For DK and Charlotte this is one of key critiques of even fairly mild state intervention. In my view it is a totally fallacious one. What Charlotte Gore, and DK, suggest is that once states (read: Socialists) have created even a modest welfare state they have set the scene for conflicts because they have been seen to pick sides and the creation of an “other” becomes central to politics.
We will look at 4 countries – US, UK, Australia and Germany - because they are the ones I have information for and because I think they provide a reasonably adequate sample. Of course, I would prefer to do more but I don’t have the resources or the time at the moment.
If DK and Charlotte Gore are correct then you would see a fairly strong correlation between the introduction of a relatively comprehensive welfare state institutions and the introduction, shortly afterwards, of restrictive immigration controls.
In Great Britain we introduced Industrial accident insurance in 1897, relatively comprehensive Healthcare and some unemployment insurance in 1911 and had a state Pension by 1908. In contrast to this the UK passed its first Aliens Act in 1905 three years before the introduction of the state pension. The controls in the act were fairly mild but it did represent a big break with the past where Britain had allowed total free movement of people, to match its free trade rhetoric. The big restrictive act was the Aliens Act of 1914, which was later augmented in 1919. This act was very restrictive and in effect barred even those claiming asylum entry. But this act was instigated by the greatest war the world had ever seen; the state whipped up hatred but this was hardly something dreamt up by those of the left. In fact, in 1948, the the year the NHS was foundered, Labour passed a law reaffirming the right of all subjects of the British Empire to settle in these isles.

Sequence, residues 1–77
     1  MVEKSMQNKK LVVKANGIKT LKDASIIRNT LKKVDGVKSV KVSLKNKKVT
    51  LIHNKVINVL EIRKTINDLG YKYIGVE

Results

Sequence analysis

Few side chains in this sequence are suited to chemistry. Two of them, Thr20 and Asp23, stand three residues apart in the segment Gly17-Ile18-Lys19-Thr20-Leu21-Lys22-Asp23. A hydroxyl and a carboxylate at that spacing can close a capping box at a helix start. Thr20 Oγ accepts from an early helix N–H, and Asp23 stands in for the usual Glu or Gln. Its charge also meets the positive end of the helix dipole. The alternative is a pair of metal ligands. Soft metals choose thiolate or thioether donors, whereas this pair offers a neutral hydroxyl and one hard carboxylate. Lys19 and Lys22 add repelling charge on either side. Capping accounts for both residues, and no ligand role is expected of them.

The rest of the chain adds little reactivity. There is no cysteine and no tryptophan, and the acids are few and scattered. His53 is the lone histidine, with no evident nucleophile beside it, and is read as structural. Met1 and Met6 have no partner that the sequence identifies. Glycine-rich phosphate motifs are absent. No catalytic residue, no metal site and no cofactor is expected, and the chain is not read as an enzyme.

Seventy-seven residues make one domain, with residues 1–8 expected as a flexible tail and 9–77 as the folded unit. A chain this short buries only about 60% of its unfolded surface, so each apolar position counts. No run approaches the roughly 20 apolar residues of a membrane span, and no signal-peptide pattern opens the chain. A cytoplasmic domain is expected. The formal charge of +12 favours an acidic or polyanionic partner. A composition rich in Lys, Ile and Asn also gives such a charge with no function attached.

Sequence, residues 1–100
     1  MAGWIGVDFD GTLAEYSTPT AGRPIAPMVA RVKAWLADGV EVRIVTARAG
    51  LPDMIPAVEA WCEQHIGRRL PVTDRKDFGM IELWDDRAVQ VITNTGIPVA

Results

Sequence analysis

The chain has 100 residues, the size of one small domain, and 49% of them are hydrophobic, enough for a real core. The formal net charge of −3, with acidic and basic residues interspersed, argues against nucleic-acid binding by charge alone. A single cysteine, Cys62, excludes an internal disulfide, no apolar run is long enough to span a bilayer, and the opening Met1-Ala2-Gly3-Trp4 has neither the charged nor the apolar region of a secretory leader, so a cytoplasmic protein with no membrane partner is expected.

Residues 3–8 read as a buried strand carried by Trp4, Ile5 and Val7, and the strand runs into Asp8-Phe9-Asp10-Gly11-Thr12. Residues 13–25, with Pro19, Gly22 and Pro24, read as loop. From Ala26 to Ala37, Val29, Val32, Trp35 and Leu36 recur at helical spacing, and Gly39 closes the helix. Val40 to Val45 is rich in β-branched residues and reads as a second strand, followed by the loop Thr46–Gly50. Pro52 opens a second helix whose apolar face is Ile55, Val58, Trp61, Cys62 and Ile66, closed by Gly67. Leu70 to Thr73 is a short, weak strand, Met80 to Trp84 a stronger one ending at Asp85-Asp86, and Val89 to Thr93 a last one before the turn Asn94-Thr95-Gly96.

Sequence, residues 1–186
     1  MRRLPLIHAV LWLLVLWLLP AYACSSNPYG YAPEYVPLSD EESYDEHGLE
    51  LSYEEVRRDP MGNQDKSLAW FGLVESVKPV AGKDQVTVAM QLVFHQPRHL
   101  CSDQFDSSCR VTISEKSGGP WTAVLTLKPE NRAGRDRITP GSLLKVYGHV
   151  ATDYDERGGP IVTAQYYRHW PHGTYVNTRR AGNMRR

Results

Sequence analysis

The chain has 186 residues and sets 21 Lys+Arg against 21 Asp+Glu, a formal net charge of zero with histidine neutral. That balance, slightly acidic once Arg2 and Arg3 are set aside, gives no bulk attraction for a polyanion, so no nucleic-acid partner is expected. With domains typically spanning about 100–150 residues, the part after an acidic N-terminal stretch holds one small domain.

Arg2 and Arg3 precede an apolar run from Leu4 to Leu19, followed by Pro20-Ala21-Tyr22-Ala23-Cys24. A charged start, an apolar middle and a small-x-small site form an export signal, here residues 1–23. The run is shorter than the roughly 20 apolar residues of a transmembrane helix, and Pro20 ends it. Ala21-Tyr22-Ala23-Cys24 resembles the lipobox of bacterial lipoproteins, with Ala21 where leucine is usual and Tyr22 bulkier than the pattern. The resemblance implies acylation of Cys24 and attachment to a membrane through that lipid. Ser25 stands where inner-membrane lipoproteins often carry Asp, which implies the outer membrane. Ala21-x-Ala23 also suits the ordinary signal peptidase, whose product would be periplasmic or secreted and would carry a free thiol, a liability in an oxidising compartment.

A similar, although different story is evident in Germany. In many ways autocratic Germany lead the way in social insurance, it was the first state to introduce Industrial accident insurance in 1871 with healthcare following in 1883 and a pension in 1889. A relative laggard in comparison to other institutions in place. unemployment insurance was introduced in 1927. The were also early restricters of the right to migrate, passing their first law before our own 1905 Aliens Act. This part of Germany’s story (very) roughly matches DK’s and Charlotte’s view, but the post-war Federal Republic of Germany confounds it again. In the post was period Germany lacked legislation covering minimum wages and so on but possessed an advanced welfare state. However, up until 1993 German had the most liberal law on asylum in Europe and perhaps the world. Its Basic Law read “Persons persecuted on political grounds shall enjoy the right to asylum.” This no ifs and buts policy led German to become the one of the largest refugee accepting country in Europe up until 1993 when the law was changed.
Even the country most likely to follow DK and Charlotte’s picture of the world, Australia, tells a different story. Race relations in Australia have always been fairly strained, and its mistreatment of its aboriginal peoples well documented as is the unofficial “White Australia” policy that operated until the late 1960s. They introduced Industrial accident insurance in 1902, a pension in 1909 and Healthcare and Unemployment insurance in 1945. Following these reforms they followed a racist immigration policy to safeguard them. But the genesis of this policy was not in response to the above reforms, the framework was instigated by the Immigration Restrictions Act 1901.
The most interesting country to turn to is the United States, because this is one which utterly frustrates their arguments. In 1924 the US introduced an incredibly harsh immigration regime, that limited the number of immigrants who could be admitted from any country to 2% of the number of people from that country who were already living in the United States in 1890. However, it was not until 1930 that Industrial accident insurance was introduced, 1935 that a state pension and unemployment insurance was introduced, and 2010(?) before relatively comprehensive healthcare was introduced (lagging Germany by 127 years).
The idea that racism and religious sectarianism spring from the very people who battle against it is hardest must be appealing to the right. Everyone loves a counterintuitive insight, especially one which is so satisfying and provides a stick with which to beat one’s enemies. Sadly for the DK and Charlotte their’s is not an argument based in fact. It seems racism is a far more complicated phenomenom than they are willing to accept.
I hope you all enjoyed Christmas. I doubt I’ll be blogging again until the New Year. Its been a blast blogging in 2009 and I hope things will only get better in 2010.